The distance between C and B1 should be the same as your placket width, and point B should lie in the middle of the two points
Draw a perpendicular line from point B1 that intersects the top collar edge (GH).
Label the point where the top edge of the collar stand and the guideline drawn from point B1 intersect as point M.
Join point M with point L with a curved line.
The outline of the collar stand is now complete.
It is now time to draft the collar pattern.
The first thing you want to do is replicate the line at the top of the stand, to form the base of the collar. The reason you want the curve of the base of the collar to be the same as the top edge of the collar stand is so that the two pieces fit together nicely when sewn.
To do this, you will need to fold the pattern along the 'fold line.'
With your pattern folded, trace along the top edge of the collar stand with a tracing wheel (from point E to M, and beyond to the fold line).
If your paper is transparent enough, you could also just transfer the line to the other side by tracing.
Unfold the pattern to reveal the new curve marked by the tracing wheel.
Join the markings with a smooth line.
At the point where the new curve intersects with the line that runs up from point B1, label as point N.
Decide where you would like the point of your collar to lie.
Extend the top edge of the collar from point H (or shorten it if you would prefer your collar points to be further away from the centre front).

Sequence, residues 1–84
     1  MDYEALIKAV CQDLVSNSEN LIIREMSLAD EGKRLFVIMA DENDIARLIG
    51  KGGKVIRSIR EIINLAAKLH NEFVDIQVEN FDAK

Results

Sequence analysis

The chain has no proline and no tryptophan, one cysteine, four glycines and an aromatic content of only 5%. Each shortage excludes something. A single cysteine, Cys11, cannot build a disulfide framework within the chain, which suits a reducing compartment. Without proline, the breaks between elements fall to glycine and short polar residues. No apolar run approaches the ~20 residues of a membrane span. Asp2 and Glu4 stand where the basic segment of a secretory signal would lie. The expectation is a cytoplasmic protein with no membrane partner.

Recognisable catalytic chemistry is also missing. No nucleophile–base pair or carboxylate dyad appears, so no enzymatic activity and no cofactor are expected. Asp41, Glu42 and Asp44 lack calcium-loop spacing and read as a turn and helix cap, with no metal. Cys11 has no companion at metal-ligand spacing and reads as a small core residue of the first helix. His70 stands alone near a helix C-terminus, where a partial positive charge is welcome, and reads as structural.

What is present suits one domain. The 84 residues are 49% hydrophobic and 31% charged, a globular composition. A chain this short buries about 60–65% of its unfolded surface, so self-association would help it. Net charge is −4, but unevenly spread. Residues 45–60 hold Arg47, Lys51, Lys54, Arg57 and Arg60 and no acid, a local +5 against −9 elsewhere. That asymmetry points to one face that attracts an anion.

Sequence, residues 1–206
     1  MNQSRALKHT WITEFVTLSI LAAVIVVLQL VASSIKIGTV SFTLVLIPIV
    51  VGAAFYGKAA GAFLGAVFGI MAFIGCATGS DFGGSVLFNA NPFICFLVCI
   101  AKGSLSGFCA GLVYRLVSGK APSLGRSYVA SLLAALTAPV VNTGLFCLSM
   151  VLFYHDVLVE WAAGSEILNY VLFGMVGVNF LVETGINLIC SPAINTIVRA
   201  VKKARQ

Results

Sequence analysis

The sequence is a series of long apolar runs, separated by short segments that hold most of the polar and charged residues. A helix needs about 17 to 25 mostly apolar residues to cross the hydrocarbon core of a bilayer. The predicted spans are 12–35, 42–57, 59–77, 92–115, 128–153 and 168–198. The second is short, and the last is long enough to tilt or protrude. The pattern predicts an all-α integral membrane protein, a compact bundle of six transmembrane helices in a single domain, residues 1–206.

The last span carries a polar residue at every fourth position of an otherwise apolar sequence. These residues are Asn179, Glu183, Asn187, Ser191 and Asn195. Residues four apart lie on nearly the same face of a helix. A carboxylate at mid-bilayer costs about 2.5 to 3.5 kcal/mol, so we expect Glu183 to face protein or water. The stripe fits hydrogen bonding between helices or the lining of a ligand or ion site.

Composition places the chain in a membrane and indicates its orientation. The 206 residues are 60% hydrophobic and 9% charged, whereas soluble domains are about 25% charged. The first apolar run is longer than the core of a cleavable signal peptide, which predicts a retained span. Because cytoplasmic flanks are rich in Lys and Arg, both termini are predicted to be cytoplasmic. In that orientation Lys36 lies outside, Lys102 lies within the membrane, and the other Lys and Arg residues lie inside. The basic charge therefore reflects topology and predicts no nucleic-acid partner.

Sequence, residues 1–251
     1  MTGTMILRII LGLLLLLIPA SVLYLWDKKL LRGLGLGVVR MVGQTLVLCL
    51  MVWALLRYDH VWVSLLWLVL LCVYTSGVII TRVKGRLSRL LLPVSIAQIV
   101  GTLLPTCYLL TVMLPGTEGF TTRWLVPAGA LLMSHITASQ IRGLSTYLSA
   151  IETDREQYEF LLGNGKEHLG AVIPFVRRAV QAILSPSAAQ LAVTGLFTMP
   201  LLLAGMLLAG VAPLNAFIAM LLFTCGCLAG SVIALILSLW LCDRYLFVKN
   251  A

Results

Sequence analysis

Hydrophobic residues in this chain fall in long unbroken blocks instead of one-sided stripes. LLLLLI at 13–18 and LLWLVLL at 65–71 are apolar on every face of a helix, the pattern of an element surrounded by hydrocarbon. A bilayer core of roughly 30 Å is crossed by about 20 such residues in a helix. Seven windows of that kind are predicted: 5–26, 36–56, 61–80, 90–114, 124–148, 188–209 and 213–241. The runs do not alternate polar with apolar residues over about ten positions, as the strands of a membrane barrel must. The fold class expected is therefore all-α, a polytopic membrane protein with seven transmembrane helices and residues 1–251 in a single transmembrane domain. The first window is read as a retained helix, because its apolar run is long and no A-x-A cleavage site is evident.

Label the point of the collar as point O.
Join points O and N with a straight line to complete the outline of the collar pattern.
Now that the outlines of both your patterns are complete, trace each pattern onto a new piece of paper. If you are tracing them on to the same sheet, make sure you leave enough space for you to add seam allowance around both patterns.
While tracing, make sure you transfer all important guidelines by adding notches.
On the collar stand, notch:
- The shoulder point (on both top and bottom edges) as you will need to know where the stand meets with the shirt at the shoulder (point D) and also where the stand joins with the collar (point K).
- The CENTRE FRONT (point I) so that the collar stand will join to the placket in the right place.
- The CENTRE BACK on both top and bottom edge (point A and point E).
- Also notch point M to indicate where the collar ends. This will help when sewing the collar to the stand.
On the collar itself, notch:
- The shoulder point on the bottom edge
- The CENTRE BACK at both top and bottom edge (points G and F)